Today I attended the second annual Sports Law Symposium at Santa Clara University Law School. I wanted to see the advertised panel on concussions, including the keynote speech by DeMaurice Smith, executive director of the National Football League Players Association.
Dissident NFL retirees, who don’t like the union’s performance in safeguarding their health and interests, say Smith no-showed his scheduled appearance at last year’s Santa Clara symposium. See today’s post at Dave Pear’s blog, http://davepear.com/blog/2011/09/second-annual-santa-clara-law-sports-law-symposium/.
I enjoyed the opportunity to meet in person for the first time symposium panelist John Hogan, the Atlanta attorney who has done valuable work representing retired players (plus others from all walks of life) on disability issues. The symposium’s proceedings book includes a comprehensive and lucid paper by Hogan entitled “Concussions, Brain Injury and NFL Disability.” I highly recommend the article, which is linked at the Dave Pear post listed above.
Regarding De Smith, I was disappointed when the organizers of the event canceled the public question-and-answer portion of the concussion session, explaining that the symposium was behind schedule. This had the unfortunate effect of giving it the feel of a rubber chicken circuit rather than a colloquy.
Smith prefaced his keynote speech with some lame jokes about his Baptist preacher forebears, and asked indulgence to deviate from the concussion prompt and address the issue in the total context of “justice and fairness” for athletes. That actually was not a bad frame at all for the discussion, and it led to the panel’s most interesting moments when the special guest, football great Jim Brown, gently grilled Smith on the NFLPA’s second- and third-class treatment of retirees. Appropriately, Smith countered by citing improvements in this area in the new collective bargaining agreement. Some of these, such as the redistribution of hundreds of millions of new “Legacy Fund” dollars, remain vague in the details, but they will certainly be improvements, even if still inadequate.
My own No. 1 purpose in attending this event was to confront Smith about a cause I have been championing, essentially all by myself, for months: the idea that the joint NFL-NFLPA disability review board must reopen all rejected claims during the board tenure of the late Dave Duerson. Decisions during that period were fundamentally tainted by the participation of a player advocate who not only had publicly downplayed the link between football and mental disability in Congressional testimony, but also wound up committing suicide – whereupon he was found to have had chronic traumatic encephelopathy himself.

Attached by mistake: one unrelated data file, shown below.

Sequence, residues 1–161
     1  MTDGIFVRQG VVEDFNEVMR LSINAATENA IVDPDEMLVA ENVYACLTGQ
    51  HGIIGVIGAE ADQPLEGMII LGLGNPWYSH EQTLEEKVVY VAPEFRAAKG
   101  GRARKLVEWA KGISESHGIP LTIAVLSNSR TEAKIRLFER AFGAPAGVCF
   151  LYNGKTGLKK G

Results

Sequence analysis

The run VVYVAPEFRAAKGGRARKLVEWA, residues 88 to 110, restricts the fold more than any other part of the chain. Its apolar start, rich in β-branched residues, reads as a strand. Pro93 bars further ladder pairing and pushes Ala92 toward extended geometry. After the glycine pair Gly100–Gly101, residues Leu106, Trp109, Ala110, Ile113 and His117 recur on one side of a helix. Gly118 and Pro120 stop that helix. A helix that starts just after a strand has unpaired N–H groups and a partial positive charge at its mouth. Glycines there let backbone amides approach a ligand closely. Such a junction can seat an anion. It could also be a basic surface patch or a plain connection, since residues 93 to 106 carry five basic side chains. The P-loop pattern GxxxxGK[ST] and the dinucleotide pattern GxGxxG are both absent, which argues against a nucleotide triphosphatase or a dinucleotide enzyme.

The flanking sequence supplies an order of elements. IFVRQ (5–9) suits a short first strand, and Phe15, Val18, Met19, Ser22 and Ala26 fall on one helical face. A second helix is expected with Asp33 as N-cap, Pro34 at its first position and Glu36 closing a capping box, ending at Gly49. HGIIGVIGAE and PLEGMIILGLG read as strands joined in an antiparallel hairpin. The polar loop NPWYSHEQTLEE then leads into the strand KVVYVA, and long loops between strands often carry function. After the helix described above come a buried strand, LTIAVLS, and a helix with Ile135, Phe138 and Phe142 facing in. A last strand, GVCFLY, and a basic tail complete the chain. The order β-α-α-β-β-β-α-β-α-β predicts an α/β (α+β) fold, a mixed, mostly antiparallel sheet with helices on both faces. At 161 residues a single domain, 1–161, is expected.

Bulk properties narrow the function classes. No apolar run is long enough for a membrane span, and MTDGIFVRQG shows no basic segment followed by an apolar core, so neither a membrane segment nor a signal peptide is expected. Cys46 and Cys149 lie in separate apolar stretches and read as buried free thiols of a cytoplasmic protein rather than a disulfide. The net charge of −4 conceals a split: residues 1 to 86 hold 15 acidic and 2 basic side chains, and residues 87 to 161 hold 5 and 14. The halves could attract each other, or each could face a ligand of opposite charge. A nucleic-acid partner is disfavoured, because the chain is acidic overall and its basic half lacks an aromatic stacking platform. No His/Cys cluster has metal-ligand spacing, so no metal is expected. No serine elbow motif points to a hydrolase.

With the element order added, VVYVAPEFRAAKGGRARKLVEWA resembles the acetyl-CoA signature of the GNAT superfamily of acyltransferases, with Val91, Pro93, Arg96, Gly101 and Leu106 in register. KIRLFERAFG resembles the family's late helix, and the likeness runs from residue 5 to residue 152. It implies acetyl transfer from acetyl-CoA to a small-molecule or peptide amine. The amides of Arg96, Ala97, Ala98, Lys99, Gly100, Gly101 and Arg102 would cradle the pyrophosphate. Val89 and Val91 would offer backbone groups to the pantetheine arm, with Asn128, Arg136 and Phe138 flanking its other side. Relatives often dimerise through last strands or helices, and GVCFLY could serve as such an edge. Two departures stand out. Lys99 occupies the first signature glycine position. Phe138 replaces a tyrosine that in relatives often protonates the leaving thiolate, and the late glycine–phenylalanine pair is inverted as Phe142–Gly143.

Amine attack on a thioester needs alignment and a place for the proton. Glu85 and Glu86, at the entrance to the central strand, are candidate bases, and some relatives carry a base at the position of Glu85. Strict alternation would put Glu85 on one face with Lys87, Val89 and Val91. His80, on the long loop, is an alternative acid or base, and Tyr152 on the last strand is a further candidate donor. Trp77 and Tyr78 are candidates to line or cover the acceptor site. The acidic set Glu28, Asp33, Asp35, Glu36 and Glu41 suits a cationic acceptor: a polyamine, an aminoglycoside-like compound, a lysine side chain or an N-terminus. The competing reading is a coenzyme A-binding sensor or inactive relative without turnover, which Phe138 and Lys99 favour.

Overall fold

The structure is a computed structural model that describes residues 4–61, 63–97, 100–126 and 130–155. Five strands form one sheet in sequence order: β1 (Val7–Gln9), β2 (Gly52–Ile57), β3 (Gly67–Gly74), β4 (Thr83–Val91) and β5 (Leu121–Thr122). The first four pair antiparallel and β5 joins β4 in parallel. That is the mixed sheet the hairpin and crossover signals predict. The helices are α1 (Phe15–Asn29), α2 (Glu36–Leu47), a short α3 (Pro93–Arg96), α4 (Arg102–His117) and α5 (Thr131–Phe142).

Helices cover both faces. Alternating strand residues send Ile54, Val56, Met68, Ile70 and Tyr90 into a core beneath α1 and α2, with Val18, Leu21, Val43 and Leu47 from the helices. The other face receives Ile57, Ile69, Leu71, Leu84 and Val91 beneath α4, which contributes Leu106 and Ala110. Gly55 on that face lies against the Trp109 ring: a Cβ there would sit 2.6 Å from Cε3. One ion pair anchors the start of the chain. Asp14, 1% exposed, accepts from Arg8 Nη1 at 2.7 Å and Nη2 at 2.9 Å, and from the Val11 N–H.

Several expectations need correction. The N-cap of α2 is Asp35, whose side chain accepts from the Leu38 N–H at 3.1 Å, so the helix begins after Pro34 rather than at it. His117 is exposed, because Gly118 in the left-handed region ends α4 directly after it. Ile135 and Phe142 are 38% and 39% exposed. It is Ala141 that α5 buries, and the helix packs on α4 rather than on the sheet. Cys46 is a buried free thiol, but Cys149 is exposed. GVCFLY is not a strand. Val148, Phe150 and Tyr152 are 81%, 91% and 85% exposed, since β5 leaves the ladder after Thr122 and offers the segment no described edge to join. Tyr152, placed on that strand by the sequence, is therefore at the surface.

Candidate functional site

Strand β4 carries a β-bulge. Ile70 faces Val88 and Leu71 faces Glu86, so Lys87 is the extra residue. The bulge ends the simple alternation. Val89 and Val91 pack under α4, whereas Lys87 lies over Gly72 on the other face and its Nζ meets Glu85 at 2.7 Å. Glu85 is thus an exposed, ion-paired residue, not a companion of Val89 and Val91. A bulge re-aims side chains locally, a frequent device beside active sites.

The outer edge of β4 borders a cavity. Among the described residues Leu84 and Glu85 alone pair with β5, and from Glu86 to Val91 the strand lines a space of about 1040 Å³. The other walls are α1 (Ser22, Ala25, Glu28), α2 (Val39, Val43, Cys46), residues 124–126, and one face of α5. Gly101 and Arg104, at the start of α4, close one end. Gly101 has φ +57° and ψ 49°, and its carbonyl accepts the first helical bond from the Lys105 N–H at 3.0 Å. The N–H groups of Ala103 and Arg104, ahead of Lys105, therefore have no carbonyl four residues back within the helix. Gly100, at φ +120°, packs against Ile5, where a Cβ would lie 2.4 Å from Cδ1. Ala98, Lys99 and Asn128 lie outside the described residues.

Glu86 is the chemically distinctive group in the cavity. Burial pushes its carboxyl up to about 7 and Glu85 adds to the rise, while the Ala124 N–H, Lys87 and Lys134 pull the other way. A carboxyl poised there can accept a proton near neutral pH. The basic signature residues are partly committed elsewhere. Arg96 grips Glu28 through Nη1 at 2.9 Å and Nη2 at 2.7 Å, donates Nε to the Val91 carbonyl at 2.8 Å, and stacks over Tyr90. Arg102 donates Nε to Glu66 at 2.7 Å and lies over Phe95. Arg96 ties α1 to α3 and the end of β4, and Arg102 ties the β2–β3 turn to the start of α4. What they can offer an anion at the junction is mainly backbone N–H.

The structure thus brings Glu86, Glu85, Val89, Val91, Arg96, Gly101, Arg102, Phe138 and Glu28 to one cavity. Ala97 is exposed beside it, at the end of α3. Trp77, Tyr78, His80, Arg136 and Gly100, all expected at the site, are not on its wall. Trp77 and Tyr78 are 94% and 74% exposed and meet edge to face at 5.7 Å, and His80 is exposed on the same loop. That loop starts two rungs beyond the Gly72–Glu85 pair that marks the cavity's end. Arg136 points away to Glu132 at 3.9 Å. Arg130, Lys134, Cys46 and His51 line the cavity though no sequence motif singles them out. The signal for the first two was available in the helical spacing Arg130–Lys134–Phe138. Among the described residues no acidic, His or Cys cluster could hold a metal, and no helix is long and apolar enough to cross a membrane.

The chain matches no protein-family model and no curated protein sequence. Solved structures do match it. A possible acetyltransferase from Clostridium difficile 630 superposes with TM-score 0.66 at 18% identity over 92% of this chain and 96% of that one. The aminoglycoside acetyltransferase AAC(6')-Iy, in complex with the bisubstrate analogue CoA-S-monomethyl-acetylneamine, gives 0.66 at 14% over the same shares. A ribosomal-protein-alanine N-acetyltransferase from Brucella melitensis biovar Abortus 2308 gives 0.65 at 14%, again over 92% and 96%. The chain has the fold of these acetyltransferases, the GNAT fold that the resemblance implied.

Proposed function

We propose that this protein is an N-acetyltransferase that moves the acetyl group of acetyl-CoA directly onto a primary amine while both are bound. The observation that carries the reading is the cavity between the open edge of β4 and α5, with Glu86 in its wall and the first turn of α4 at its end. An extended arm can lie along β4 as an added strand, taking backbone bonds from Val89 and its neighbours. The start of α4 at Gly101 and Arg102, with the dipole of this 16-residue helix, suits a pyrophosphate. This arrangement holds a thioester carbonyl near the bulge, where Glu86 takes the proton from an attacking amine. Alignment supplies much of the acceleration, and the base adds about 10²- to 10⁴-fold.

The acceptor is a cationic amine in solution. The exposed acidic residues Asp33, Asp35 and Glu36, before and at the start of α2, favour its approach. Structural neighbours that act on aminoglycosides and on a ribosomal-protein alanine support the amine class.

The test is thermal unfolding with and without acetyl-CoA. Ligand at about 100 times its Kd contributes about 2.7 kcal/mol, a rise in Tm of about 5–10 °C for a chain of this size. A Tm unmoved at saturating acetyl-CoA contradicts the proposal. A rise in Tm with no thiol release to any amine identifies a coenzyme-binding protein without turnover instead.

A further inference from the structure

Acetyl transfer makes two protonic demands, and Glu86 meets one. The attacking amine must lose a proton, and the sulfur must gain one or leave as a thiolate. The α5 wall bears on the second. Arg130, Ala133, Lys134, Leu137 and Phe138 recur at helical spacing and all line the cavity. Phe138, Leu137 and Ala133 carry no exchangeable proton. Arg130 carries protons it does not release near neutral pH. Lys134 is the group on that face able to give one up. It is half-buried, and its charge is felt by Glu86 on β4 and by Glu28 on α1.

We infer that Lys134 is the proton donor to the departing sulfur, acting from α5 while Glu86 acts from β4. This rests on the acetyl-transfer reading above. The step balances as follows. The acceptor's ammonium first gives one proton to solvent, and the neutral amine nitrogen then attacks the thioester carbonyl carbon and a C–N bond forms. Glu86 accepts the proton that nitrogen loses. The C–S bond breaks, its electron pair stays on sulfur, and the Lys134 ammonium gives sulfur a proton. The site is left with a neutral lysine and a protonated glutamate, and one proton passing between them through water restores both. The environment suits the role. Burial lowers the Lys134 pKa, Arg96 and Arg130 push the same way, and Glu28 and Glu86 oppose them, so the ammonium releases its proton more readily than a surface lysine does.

With the announcement that the concussion panel was skipping the public microphone, I joined a gaggle of audience members who pressed Smith at the podium for one-on-one dialogue. (Just ahead of me was Delvin Williams, the 56-year-old former NFL running back. Williams and Smith seemed to be discussing a private matter.)
By the time I got Smith’s ear, he was being hustled out the door to his next appointment. Unburdened of the need to give my Duerson question a lot of background for the benefit of a general audience, I said: “Mr. Smith, picking up from your theme of justice and fairness, can you please tell me whether you think Duerson-reviewed claims should get a second look? Please don’t answer in legalisms – the confidentiality of the review board process, or not knowing exactly how Duerson voted in individual cases or whether his votes made a difference. Isn’t this Fairness 101?”
Smith regurgitated the question but didn’t answer it before we separated.
I am faxing this post to Smith’s office. Of course, I’ll publish any reply I might receive.